Chorded keyboard

A chorded keyboard (sometimes called chording keyboard or simply chord keyboard) is a computer input device designed to replace a traditional QWERTY computer keyboard.

Instead of using one key for each character, the user presses multiple-key combinations, similar to the playing of chords on a piano. Such technology has been around for many years but is little known to the public because more specialized training is needed to use it than the standard keyboard, which can be used in a "hunt and peck" style much more quickly. For example, each finger might control one key which corresponds to one bit in a byte, so that one to eight fingers can enter any character in the ASCII set if the user can remember the binary codes. There are many different designs based on the same concept, some requiring only one hand for operation.

Due to the small number of keys required (the minimal design only needs one key for each finger), a chorded keyboard is easily adapted from a board to a grip such as the one on a bicycle handle bar. In this case it is referred to as a keyer rather than a keyboard because the keys are no longer mounted to a board. A keyer is a good replacement for a chorded keyboard in portable applications such as the wearable computer. On the other hand, the failure of touch typing to penetrate the world after a century of availability leads buyers to question their ability to remember the chordings necessary.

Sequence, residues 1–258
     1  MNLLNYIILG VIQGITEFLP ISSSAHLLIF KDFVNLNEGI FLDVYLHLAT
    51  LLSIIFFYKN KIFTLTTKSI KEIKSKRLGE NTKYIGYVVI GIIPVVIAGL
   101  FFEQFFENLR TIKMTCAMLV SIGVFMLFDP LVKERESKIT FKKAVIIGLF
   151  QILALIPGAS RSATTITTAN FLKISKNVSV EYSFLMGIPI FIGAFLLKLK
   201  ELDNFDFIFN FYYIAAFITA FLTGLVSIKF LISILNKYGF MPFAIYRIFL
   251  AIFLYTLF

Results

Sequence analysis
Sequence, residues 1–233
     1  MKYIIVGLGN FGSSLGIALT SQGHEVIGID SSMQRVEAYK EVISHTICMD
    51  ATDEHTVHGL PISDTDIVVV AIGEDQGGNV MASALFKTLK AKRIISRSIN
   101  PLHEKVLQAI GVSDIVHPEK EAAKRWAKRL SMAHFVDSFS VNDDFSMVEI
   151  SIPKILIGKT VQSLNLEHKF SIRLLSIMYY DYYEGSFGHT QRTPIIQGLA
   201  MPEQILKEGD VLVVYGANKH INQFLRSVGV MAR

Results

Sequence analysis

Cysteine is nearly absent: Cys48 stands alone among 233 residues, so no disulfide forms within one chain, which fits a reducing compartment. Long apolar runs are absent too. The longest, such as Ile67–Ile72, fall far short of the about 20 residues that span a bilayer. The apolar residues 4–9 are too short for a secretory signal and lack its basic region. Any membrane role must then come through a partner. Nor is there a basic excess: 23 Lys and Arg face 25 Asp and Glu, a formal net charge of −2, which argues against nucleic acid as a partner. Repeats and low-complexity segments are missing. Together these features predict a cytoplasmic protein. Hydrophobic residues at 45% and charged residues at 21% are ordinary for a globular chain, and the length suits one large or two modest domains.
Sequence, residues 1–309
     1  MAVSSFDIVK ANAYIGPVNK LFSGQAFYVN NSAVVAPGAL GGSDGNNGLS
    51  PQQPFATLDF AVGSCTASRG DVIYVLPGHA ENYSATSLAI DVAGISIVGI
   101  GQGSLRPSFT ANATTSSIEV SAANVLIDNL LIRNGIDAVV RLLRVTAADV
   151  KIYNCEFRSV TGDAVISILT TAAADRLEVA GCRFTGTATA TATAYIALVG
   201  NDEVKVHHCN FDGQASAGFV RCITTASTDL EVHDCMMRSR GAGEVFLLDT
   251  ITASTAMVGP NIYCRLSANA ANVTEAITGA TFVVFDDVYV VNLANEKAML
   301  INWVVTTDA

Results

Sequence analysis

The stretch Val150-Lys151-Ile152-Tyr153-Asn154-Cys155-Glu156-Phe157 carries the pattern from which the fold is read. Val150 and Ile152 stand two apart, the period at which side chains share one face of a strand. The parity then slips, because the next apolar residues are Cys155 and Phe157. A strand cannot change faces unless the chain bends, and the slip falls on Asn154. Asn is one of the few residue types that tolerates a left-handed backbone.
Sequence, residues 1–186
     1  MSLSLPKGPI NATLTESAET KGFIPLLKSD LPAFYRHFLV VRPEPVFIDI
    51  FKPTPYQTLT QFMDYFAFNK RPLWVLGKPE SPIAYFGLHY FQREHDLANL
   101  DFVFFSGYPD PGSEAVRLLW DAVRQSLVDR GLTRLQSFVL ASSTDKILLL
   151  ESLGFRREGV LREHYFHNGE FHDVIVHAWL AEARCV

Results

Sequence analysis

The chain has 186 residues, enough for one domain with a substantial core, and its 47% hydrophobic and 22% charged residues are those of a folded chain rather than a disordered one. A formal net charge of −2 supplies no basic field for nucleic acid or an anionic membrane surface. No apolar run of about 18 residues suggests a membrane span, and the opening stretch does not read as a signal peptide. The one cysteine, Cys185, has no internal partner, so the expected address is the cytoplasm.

Some claim that, because the fingers don't need to move as far, it saves time and can be typed on faster than a regular keyboard. Others claim it is slower because a regular keyboard allows the next key to be pressed while the last key is still held down, but a chording keyboard requires each chord to be completely released before the next is pressed. Definitive numbers (in WPM) are hard to find. This is probably also due to the many different designs available.

Doug Engelbart, inventor of the computer mouse, may have invented chord keyboards.

One of the earliest commercial models was the five-button Microwriter, designed by Cy Endfield and first sold in 1980. It was designed only for right-handed use. A modern example of a chorded keyboard is the GKOS keyboard which is intended for tiny tablet PCs and wireless mobile terminals.

Multiambic keyers for use with wearable computers were invented in Canada in the 1970s. Multiambic keyers are like chording keyboards but without the board, i.e. the keys are grouped in a cluster for being handheld rather than for sitting on a flat surface.

Chording keyboards are also used as input devices for the visually impaired (sometimes combined with a refreshable braille display). Such keyboards use a minimum of eight keys, where each key corresponds to an individual braille point. Note that the number of points used in braille computing is not 6, but 8, as this allows the user, among other things, to distinguish between small and capital letters, as well to identify the position of cursor.


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